Lewisham's population rises 8% in a decade

Agent Smith: You hear that Mr. Anderson?... That is the sound of inevitability...
- The Matrix

The 2011 census results were released this week, with Lewisham recording an 8% population rise in a decade, taking the borough's head count from 254,300 to 275,900.

This growth was comparatively modest: boroughs like Tower Hamlets (26.4%), Newham (23.5%), Hackney (18.9%) and Greenwich (17.1%) grew at a much faster rate, obviously helped by major regeneration sites, like Greenwich Peninsula and the Isle of Dogs. On average, the capital grew by 12%. Kensington and Chelsea's population shrank, due to the number of homes that are owned by investors.

These figures contradict the arguments (sometimes made by commenters on these pages) that we don't need to build so many new homes in the borough or that Lewisham is building more than its fair share of new homes. The population is growing fast, but below average for the capital.

The good news is that London's growing density is breathing new life into once-desolate areas and creating the demand that will rejuvenate our high streets. Meanwhile, we all somehow manage to get along, with falling crime rates across the board.

18 comments:

Anonymous said...

It does not support the idea that Lewisham needs to build more homes. Quite the opposite. if Lewisham built fewer new homes, the population of Lewisham would have risen less. The unsustainable population growth shows that Lewisham should build fewer homes still.

Brockley Nick said...

So... Lewisham should just let all the other boroughs take the strain? That's not how the city works. Nor should it.

What's 'unsustainable' about it, btw?

Anonymous said...

Surely it depends on the mix of population ?

Re the rise in population and its affect doesn't size matter?

For example Islington is said to be the most densely populated local authority with a population 70,000 less than Lewisham.

Tower Hamlets & Hackney may have seen rises of over 20% compared to 8% in Lewisham but those boroughs 10 years ago most likely had less than 200,000 residents compared to Lewisham's 250,000.

Even today Tower Hamlets & Hackney have fewer residents than Lewisham.

Physics for dummies said...

What? Yes, more densely populated but with fewer people because islington is smaller. Quantity/area or volume, kind of what density is.

Brockley Nick said...

Anon 0649, sorry I don't understand what point you are making?

Tower Hamlets has a smaller population, but is a much smaller borough. Its density is nearly twice ours. Likewise Hackney.

Anonymous said...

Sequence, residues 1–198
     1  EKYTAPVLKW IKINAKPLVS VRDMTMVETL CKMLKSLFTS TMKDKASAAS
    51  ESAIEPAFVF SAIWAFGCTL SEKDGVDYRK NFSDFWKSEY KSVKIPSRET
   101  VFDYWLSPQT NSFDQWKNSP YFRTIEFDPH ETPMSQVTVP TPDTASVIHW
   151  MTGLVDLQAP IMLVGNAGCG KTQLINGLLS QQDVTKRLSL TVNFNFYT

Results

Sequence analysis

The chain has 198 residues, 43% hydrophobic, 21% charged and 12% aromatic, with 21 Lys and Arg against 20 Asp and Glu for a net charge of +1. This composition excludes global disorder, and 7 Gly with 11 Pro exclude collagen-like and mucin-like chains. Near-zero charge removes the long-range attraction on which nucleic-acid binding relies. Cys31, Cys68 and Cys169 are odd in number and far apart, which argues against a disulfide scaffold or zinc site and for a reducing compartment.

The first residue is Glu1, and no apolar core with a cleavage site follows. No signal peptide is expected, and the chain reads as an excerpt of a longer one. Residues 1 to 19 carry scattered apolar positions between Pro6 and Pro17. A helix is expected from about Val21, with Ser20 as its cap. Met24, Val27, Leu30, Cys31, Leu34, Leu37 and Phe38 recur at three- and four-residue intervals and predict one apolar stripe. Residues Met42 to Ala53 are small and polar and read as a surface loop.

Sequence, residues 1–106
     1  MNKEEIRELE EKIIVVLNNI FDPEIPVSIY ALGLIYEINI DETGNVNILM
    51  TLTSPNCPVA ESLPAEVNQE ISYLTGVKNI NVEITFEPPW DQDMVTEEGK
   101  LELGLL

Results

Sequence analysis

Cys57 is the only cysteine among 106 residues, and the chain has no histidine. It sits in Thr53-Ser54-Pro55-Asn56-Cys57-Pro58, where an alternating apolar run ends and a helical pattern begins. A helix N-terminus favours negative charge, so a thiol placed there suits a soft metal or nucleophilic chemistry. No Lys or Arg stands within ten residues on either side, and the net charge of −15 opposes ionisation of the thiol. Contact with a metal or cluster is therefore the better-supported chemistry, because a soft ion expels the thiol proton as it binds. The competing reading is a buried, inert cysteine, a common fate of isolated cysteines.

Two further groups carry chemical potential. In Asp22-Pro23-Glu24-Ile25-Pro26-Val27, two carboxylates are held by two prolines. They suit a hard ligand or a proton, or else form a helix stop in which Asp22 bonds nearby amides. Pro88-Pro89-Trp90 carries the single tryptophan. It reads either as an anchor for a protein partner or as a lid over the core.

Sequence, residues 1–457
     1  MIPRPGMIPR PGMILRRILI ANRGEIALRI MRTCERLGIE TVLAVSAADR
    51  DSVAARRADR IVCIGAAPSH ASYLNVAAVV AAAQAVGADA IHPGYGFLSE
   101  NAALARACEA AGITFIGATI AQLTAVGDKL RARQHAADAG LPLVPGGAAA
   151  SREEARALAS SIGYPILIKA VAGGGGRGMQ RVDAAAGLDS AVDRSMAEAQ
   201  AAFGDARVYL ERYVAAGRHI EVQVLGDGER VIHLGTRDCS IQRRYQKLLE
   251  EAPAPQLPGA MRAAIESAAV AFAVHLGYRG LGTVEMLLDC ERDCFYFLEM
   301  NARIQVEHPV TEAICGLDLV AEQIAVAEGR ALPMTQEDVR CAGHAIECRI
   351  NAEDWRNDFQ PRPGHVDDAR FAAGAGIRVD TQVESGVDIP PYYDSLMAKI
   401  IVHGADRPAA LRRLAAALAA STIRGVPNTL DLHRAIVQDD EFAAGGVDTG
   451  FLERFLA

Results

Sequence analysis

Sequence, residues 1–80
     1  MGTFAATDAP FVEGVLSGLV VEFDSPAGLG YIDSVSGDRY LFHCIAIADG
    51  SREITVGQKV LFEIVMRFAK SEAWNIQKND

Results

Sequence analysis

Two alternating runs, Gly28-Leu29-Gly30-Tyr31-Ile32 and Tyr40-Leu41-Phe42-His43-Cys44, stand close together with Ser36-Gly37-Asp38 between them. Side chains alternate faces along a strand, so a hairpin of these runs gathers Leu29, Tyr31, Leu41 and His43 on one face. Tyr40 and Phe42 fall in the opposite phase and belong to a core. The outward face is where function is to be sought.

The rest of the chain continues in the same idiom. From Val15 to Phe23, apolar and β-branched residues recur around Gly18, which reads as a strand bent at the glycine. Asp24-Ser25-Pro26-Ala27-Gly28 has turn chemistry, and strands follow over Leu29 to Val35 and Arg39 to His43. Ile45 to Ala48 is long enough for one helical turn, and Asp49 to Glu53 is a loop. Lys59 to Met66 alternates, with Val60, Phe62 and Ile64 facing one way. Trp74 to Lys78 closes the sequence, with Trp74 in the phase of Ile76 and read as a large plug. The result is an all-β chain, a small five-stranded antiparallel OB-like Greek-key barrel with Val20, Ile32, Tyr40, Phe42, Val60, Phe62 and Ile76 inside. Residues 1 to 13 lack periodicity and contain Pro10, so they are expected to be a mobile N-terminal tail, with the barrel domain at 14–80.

I wonder how many cars this population needs to use the supermarket/car park infrastructure that we are saddled with.

Welcome to 2012 said...

Are you thinking of the big supermarket next to Lewisham Station or the big supermarket next to New Cross Gate station? Or all the shops around Catford Bridge?

Why do you think Lewisham is specially car-dependent?

Anonymous said...

There seems to be an assumption the density of population in a borough is evenly spaced...whic it isn't.

For example some new builds in the north of the borough are more densely packed than the guidelines.

Having recently met with some councillors I suspect the council has been eyeing up areas like Brockley which are less populated for future development.

Anonymous said...

Sack A contains 100 apples, Sack B has 1000 apples.

The apples need to be stored in coloured boxes, red for apples from sack A and blue for sack B's aplles...each box can hold 10 apples.

50% of Sack A's apples are boxed.

Only 10% of sack B's apples are boxed.

Assuming the packer is not coloured blind how money boxes of each colour are required?

Danja said...

Was an iSAT question?

Danja said...

*that*

Anonymous said...

@Brockley Nick

So... Lewisham should just let all the other boroughs take the strain? That's not how the city works. Nor should it.

Maybe London as a whole should not take the strain. Maybe we should add extra boroughs and expand the size of London. There are other solutions which do not involve simply crowding more and more people into a space. That's not how a city should work. Nor should it.

What's 'unsustainable' about it, btw?

Almost everything. Cram too many people into too small a space and see what happens. The only argument is only what constitutes "too small" not what happens.

Face palm said...

Anon, you've not explained how you're going to prevent people from moving into or around London? Is your methodology to not build houses, schools, roads, railways so making it unbearably shit? The fact is the population is growing, how do we deal with it?

Anonymous said...

Re growing population back in the 50/60's the population of London declined...I'm sure someone from Goldmiths can explain how that was achieved.

Tamsin said...

I suspect the Luftwaffe helped.

Also worth checking out how the stats. define "London". Were the people displaced to the outer suburgs - think the prefab estate in Downham and all that fifties housing - Londoners or not?

TM said...

I'm looking forward to my retirement so I can move out of London....

Pehaps with an ageing population I won't be the only one.

Factoid said...

>Cram too many people into too small a space and see what happens

Population density does not correlate with "nice place to live". Population density of LBL = 7600 / sq km, population density of Monaco = 15,000 / sq km.

Little Ron said...

"Cram too many people into too small a space and see what happens. The only argument is only what constitutes "too small" not what happens."

Depends on the people. Some make good neighbours, others don't.

Brockley Central Label Cloud